A Socio-Cognitive Approach to Teaching English Language Writing: Impact on Primary School Students’ Compositions

Project Number
OER 07/15 CYL

Project Duration
June 2015 - June 2018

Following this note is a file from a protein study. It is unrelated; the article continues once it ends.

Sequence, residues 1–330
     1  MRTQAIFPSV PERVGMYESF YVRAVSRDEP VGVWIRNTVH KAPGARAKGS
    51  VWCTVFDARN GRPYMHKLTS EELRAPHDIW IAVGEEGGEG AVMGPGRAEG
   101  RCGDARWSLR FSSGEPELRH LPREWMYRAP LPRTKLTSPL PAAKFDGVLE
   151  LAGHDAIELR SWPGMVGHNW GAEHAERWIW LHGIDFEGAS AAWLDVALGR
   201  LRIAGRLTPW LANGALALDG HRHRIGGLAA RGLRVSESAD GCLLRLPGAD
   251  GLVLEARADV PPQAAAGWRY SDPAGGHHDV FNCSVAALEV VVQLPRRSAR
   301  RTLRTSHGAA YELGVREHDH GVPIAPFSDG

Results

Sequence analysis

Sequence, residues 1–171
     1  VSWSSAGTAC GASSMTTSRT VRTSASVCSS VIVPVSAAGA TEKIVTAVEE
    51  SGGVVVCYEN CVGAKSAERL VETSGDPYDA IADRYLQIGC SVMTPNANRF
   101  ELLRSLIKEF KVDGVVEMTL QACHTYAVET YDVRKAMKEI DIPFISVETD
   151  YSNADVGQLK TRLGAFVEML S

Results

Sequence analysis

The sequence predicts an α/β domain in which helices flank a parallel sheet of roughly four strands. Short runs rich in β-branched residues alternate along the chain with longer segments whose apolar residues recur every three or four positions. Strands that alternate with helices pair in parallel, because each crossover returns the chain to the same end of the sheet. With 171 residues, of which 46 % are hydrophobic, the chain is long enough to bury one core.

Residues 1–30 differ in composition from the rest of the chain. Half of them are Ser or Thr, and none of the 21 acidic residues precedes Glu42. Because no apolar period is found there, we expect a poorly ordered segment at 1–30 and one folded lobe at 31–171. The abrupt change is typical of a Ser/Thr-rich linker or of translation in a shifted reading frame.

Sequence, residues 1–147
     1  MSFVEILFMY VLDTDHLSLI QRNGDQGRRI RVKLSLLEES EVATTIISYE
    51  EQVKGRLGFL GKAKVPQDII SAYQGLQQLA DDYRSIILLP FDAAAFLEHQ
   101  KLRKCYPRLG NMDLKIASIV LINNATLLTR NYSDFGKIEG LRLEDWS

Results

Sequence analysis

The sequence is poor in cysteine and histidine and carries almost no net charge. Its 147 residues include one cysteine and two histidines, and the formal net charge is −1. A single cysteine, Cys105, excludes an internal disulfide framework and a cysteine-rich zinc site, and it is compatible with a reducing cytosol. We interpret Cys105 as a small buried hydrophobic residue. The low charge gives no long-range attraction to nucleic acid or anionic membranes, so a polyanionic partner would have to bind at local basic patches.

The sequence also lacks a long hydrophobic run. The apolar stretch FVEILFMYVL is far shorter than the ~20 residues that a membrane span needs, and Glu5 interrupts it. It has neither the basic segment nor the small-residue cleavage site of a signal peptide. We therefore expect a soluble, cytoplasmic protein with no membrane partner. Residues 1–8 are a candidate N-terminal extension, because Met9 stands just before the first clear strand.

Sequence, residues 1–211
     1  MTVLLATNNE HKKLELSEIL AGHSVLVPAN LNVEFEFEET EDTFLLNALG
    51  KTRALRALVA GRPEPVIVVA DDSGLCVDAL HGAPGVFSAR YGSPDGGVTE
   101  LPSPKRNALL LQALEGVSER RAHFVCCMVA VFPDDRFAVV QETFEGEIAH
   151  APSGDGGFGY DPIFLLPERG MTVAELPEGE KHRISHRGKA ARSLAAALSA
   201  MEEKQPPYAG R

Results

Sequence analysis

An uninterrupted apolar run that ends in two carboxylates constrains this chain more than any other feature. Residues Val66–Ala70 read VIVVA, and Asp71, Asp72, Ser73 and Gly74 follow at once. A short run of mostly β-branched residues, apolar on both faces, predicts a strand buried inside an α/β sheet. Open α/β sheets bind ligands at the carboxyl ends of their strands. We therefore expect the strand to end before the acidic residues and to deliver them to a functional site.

Most of the existing studies on academic writing were conducted in ESL/EFL university settings. Further research targeted at other educational settings such as primary schools, which are quite different from the university settings previously studied, for students in different stages of their studies, will advance our understanding of student writing broadly. In 2016, the Journal of Second Language Writing will devote an entire issue to English language writing in elementary classrooms across contexts, calling for studies to address the difficulties that young students face in their learning, as well as the kind of support they do or should receive during classes. Therefore, research that investigates how English language writing is taught in primary school classrooms, outside of EFL/ESL contexts, is of much current interest, but sufficient existing knowledge is still lacking. The present study will fill this research gap identified. A further rationale for understanding the teaching of English language writing at the primary school level is that existing studies in Singapore do not explicate the effect of explicit writing instruction on primary school students in genres other than argumentative essays. To the best of our knowledge, there have been only two studies (Koh, 2002; Neo, 2004) that yielded empirical data on the English language writing of primary school children in Singapore. The proposed research will contribute to addressing these observations raised specifically for the weaker learners. A starting point of the proposed research is to analyse and document how primary English language teachers in Singapore teach writing in traditional writing classes. In particular, we seek to understand how different genres of writing are taught in English language writing classes in a Singapore primary school. Extensive classroom observation data will be collected to support this analysis. Another goal of the proposed research is to design and implement a writing programme based on a socio-cognitive approach. We will test the advantages of this approach relative to the traditional teaching methods, by identifying and understanding how it may impact the quality of writing produced by underachievers in the primary school. Based on the classroom observation data collected about the traditional teaching methods, we will design and implement writing tasks for the intervention programme that are relevant to the students' lives and socio-cultural environment. The results will yield findings that are likely generalizable across English language writing classrooms, thereby helping students who are struggling generally with the learning of writing and compositions.

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